I took the dog for a walk this morning. We walked past the playground where Arthur and Henry go to school. As luck would have it Arthur's class was being called in from recess so I had the opportunity to glimpse him in his world.
I love that.
Arthur came around the corner from the "colorful playground" and began to saunter across the black top towards the teacher. He was walking with a friend and talking very animatedly about something very important. I could tell it was important by the deliberate swinging back and forth of his hands and the tilt of his head to the side.
He is never at a loss for words that boy. On our trip to Yellowstone we went horseback riding and Arthur's horse was just behind our guide. He never stopped talking the entire ride. The gal periodically turned towards the rest of the group to fill us in on the topic of conversation. At one point he told her he would "never forget this ride in his whole life".
Where does he get his drama and love of conversation? Hmmmmmmmm, possibly the McGoldrick side?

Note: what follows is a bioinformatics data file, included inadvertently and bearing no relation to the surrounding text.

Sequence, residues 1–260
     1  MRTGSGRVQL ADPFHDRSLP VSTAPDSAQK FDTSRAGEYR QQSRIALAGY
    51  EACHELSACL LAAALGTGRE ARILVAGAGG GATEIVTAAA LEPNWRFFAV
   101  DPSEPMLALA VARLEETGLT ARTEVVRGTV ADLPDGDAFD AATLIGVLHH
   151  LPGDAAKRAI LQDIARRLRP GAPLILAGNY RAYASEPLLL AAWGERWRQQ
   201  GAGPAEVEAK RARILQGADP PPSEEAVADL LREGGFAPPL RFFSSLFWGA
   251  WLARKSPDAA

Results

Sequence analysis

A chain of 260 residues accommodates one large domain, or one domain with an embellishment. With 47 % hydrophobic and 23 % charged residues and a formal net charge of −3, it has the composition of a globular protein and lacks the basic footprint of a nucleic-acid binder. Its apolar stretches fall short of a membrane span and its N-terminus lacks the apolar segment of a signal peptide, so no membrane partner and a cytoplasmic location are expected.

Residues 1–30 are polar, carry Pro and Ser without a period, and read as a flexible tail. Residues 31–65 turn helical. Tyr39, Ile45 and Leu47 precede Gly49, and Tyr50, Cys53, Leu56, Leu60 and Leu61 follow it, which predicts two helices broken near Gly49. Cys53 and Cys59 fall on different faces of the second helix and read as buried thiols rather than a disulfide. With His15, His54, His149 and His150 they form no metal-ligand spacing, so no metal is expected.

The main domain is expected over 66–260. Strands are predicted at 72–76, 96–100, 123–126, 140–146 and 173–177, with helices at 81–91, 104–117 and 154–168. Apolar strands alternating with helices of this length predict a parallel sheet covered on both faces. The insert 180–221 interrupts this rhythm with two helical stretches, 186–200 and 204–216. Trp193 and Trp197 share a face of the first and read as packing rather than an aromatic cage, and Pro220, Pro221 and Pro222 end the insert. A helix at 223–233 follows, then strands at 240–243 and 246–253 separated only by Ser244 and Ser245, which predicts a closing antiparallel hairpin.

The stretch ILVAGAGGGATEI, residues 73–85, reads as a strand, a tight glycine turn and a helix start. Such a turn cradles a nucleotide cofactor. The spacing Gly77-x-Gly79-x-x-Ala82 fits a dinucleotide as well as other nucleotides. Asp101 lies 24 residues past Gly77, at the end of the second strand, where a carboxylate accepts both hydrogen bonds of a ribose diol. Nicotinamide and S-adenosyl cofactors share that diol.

In contrast, Henry said about two words the entire ride. The guide actually asked me afterwards if he had enjoyed himself. That is just Henry I told her. The next day, after he had a chance to process the event and evaluate the ride against all the other activities we did that day, he let me know what he thought about the excursion.
Where does he get his thoughtful introspection? Hmmmmmm, possibly the Wellenstein side?
Even though people will swear the boys look like twins I don't see it. When I see Henry I see all Wellenstein, and when I see Arthur I see a McGoldrick.
This morning as I watched Arthur confidently stride across the playground I thought how comfortable he looked in his world at that moment. And as I watched him talking to his friend I imagined the teacher telling him to stop talking during class just the way I had been told so many times in class. I shook my head and laughed a bit and thought about the little McGoldrick I had before me.
Just then Arthur stuck both of his hands in his pocket, hunched his shoulders a bit, put his head down and began walking with determination towards the already forming line in front of the teacher.
Oh my, that move was exactly like Bob.
The hair on my arms raised.
Don't forget, Bob reminded me, I had a part in that boy too.
Don't worry, Bob, I will never forget.
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